Future projects, which include the renovation of the New York flagship in August plus a new opening in Rome and two in Germany by the end of summer, will reflect the look of the Milan store. All the new stores will house an area dedicated to the home collection, a range which includes cashmere blankets and cushions, cashmere-covered hot water bottles and pure vegetable soaps with coconut palm oil.
Malo unveiled its first home collection in 1996, Piot said, because “consumers today dedicate more money, time and attention to the house” than in the past.
When he shifts his focus from flagships, Piot plans to identify about 100 points of sale for shop-in-shops or corners that will highlight a diversified product range.
“Our customers were increasingly asking us for a cashmere robe or for a cashmere blazer, and we wanted to satisfy them. We are well aware that cashmere is our business so we want to diversify without losing our focus,” said Piot. “I believe that luxury is here to stay and that there will be a stronger trend toward hand-finished products. Our goal is to be in line with the fashion trends, without being too far behind or too fashion-forward.”
Spurred by the good tidings that have swept the accessories world, Malo recently unveiled a full-range line that includes bags, shawls, gloves, hats and stoles. The bags are in tune with Malo’s fall 2000 knits: totes made with cashmere patchwork or tweed and trimmed with leather piping, or two-tone, leather, Fifties-inspired shoulder bags with thick cashmere stitching as a detail. Colors include an array of greens, oranges, browns and turquoise.
On the fashion front, Malo aficionados can now stock up with woven pieces and leather looks. The idea is to round out the 120 new styles Malo delivers each season.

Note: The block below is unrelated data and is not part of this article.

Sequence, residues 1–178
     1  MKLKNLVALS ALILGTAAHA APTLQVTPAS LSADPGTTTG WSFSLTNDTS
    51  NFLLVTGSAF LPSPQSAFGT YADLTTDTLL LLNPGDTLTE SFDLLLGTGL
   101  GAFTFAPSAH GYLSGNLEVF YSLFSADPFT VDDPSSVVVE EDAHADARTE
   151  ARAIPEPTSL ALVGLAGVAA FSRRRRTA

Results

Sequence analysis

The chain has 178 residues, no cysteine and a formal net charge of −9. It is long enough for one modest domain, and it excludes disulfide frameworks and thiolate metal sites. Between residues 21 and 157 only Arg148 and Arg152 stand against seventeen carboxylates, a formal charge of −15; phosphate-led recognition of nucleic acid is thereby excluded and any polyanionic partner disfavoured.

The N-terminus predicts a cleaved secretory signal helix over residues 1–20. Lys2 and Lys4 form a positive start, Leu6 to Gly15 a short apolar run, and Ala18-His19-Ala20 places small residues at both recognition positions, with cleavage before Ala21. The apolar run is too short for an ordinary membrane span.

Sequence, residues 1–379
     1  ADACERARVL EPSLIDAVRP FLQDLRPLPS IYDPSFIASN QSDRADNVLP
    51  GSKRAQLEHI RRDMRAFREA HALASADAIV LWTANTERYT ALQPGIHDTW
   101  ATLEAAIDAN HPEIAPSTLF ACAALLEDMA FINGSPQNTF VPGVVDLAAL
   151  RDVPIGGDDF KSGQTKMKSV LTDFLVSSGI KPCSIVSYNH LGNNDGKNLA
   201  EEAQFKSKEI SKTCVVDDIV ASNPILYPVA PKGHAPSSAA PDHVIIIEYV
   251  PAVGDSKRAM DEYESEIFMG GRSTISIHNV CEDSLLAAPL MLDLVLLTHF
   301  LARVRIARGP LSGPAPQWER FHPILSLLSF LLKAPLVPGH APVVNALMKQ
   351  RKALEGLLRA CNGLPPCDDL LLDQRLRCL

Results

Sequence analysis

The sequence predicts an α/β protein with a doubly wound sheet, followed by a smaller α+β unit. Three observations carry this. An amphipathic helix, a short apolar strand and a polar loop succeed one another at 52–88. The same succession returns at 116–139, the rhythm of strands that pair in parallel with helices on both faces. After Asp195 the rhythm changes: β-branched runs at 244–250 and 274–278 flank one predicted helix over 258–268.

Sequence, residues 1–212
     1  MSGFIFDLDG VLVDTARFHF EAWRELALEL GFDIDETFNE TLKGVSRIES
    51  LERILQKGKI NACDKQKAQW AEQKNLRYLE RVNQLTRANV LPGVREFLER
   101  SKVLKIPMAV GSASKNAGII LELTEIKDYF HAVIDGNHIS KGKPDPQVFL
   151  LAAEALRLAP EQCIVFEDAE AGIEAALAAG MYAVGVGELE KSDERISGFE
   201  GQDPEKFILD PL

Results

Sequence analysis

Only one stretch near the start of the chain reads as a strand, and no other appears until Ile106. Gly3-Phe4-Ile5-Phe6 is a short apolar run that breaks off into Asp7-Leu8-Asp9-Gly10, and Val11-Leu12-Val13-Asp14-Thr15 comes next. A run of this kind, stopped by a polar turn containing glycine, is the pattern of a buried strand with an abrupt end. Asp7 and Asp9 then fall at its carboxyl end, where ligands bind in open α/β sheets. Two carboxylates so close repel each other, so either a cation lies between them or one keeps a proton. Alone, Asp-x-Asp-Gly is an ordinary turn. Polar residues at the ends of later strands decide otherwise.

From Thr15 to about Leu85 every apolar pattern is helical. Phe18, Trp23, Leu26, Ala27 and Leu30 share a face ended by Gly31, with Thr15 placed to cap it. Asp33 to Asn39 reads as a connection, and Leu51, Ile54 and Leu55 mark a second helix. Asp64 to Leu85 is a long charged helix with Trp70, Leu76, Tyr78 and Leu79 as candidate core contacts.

“Our formula is to compliment the knitwear without bypassing Malo’s past and bearing in mind that a certain clientele isn’t interested in changing clothes every season,” said Piot. “Once we nail down the perfect trenchcoat, for example, in the way of shape, length and proportion, we will stick to it.”
For fall, Malo’s introduced the tri-set — a matching cashmere T-shirt, cashmere scarf and leather jacket. Other staples include cashmere or corduroy trousers, beaver coats, silk blouses and napa car coats or bomber jackets. Colors include mint green, flame orange, wisteria purple and cherry red.
While today knitwear is the bulk of Malo’s production, generating 80 percent of the company’s $60 million turnover in 1999, Piot said he would like to reduce that to 60 percent.
For the apparel, Malo will exploit ITC, IT Holding’s Bologna-based production plant that specializes in upscale, sartorial manufacturing. But for knitwear, Malo does everything in-house at two state-of-the-art plants. One in Florence specializes in carded knitwear while the one in Piacenza, acquired by the Canessa brothers a decade ago, boasts 20 looms that cost $350,000 each and that churn out fine 33-gauge sweaters.
“These looms are jewels because they adapt to the slightest temperature change,” said Piot. “This production is very important for us because knitwear is going through the same phase wovens went through a decade ago: less weight but the same warmth.”
The two plants have an annual production capacity of 350,000 pieces, of which 65 percent are women’s and the remaining 35 percent men’s.
“We wanted to capture and transmit all the diversification that is at the base of our strategies,” said Piot. “Between the new stores and the campaign, we want the whole world to see what we’re doing.”